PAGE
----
Created: December 12, 2015 / Updated: February 6, 2021 / Status: in progress / 4 min read (~724 words)
- When did the senses appear? For what purpose?
- Is it more tiring to listen to someone from one hear than from both (stereo vs mono)?
- We may be perceptually bounded by our sense organs (eyes accepting only a range of light frequencies, ears only accepting a range of sound frequencies) but the cortex could potentially support processing a wider range of information
- What would happen if someone plugged optic fiber (artificial) in someone optic fiber/nerve (natural)?
Considering the finite architecture of the brain, we can postulate a few things:
- Any signal that will be transmitted by a neuron through its axon will be limited by the time it takes to complete an activation/deactivation cycle
- Thus signal processing cannot be instantaneous
- There are only so many neurons in the brain, if we exclude recurrent neural network/cycles, then the brain has a maximal depth in terms of layers
- At some point in the processing pipeline the visual image we perceive has to emerge/aggregate
The eye is not a single frame snapshot camera. It is more like a video stream. The eye moves rapidly in small angular amounts and continually updates the image in one's brain to "paint" the detail. We also have two eyes, and our brains combine the signals to increase the resolution further. We also typically move our eyes around the scene to gather more information. Because of these factors, the eye plus brain assembles a higher resolution image than possible with the number of photoreceptors in the retina. So the megapixel equivalent numbers below refer to the spatial detail in an image that would be required to show what the human eye could see when you view a scene.
Based on the above data for the resolution of the human eye, let's try a "small" example first. Consider a view in front of you that is 90 degrees by 90 degrees, like looking through an open window at a scene. The number of pixels would be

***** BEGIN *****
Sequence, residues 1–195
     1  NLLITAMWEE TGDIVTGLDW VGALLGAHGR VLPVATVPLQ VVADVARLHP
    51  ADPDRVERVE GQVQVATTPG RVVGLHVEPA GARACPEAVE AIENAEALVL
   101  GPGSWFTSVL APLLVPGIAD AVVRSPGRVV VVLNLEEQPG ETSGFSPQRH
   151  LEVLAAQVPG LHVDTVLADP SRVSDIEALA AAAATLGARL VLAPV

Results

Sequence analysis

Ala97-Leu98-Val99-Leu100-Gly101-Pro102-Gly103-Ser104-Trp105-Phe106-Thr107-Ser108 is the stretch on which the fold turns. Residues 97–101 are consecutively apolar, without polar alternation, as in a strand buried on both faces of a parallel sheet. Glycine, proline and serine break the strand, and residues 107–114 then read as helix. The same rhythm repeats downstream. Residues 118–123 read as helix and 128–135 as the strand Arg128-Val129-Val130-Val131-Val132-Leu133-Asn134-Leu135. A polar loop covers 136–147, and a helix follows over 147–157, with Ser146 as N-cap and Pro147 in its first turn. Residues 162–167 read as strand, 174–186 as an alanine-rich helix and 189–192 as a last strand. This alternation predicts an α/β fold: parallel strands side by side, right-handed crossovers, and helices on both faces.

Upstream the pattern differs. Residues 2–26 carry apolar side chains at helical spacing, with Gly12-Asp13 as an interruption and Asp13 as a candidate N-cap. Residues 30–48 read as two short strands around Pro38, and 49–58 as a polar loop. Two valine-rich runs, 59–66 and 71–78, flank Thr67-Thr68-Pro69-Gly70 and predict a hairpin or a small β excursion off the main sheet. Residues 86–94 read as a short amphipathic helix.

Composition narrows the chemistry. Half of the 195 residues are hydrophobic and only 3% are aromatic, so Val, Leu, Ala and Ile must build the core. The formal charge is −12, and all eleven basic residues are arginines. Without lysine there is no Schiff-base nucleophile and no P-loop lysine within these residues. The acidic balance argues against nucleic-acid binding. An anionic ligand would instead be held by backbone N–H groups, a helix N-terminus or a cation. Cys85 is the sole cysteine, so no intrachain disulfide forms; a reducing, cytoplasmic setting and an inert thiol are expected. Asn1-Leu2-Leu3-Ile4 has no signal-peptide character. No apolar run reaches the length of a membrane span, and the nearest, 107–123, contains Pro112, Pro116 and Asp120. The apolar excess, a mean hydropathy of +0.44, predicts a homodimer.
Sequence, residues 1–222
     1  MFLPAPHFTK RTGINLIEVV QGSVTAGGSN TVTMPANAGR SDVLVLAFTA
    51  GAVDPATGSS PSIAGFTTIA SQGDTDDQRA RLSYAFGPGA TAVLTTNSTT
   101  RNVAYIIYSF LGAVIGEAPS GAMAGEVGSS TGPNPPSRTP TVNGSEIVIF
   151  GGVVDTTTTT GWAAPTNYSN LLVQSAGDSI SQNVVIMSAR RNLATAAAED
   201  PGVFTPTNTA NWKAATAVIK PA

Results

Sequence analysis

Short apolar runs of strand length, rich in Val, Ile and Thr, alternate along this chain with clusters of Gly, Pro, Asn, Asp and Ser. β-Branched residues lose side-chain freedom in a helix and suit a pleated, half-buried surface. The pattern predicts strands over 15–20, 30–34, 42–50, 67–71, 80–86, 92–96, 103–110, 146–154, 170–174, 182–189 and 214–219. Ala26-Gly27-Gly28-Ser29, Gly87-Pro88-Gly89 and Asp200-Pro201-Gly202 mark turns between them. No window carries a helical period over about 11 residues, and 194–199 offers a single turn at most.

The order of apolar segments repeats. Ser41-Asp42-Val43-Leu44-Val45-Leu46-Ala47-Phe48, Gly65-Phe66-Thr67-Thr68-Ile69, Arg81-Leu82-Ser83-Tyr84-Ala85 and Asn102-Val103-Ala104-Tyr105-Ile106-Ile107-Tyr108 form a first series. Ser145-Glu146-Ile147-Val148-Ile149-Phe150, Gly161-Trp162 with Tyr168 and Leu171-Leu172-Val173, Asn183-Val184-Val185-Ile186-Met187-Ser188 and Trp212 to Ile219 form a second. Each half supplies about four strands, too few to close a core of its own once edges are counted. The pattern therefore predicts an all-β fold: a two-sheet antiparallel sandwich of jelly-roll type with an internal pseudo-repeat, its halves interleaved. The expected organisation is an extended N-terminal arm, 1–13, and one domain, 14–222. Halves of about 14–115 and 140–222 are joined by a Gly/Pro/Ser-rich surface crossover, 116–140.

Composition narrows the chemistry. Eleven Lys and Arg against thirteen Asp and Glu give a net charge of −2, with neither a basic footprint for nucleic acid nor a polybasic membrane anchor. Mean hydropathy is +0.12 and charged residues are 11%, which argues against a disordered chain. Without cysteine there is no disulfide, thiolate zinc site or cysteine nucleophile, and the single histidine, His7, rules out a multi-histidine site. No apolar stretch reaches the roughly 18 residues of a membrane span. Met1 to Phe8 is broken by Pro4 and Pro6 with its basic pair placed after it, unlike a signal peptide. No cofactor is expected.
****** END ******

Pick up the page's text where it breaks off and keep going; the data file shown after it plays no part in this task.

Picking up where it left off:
90 degrees * 60 arc-minutes/degree * 1/0.3 * 90 * 60 * 1/0.3 = 324,000,000 pixels (324 megapixels).
At any one moment, you actually do not perceive that many pixels, but your eye moves around the scene to see all the detail you want. But the human eye really sees a larger field of view, close to 180 degrees. Let's be conservative and use 120 degrees for the field of view. Then we would see
120 * 120 * 60 * 60 / (0.3 * 0.3) = 576 megapixels.
The full angle of human vision would require even more megapixels. This kind of image detail requires A large format camera to record.1
7 MP for the fovea region + 1 MP for the rest of the field of view2 (citation needed)
The human retina contains about 120 million rod cells and 6 million cone cells.3
The optic nerve is composed of retinal ganglion cell axons and glial cells. Each human optic nerve contains between 770,000 and 1.7 million nerve fibers, which are axons of the retinal ganglion cells of one retina. In the fovea, which has high acuity, these ganglion cells connect to as few as 5 photoreceptor cells; in other areas of retina, they connect to many thousand photoreceptors.4
The following is not factual but only inferred from the information previously listed.
From this data one could infer there is a maximum of 120 megapixels of raw data per eye. However, the optic nerve is only composed of between 770,000 and 1.7 million nerve fibers, as a great amount of photoreceptors get merged into a single retinal ganglion cell which means that a good amount of the 120 megapixels gets aggregated before being transferred to the occipital lobe. If we consider that a nerve fiber is able to transport all the information required for the equivalent of a single pixel (which is unlikely), we've dropped from 120 megapixels down to 1.7 megapixels per eye.
In humans, the number of nerve fibers within the cochlear nerve averages around 30,0005. The common hearing range of human is between 20 Hz and 20000 Hz.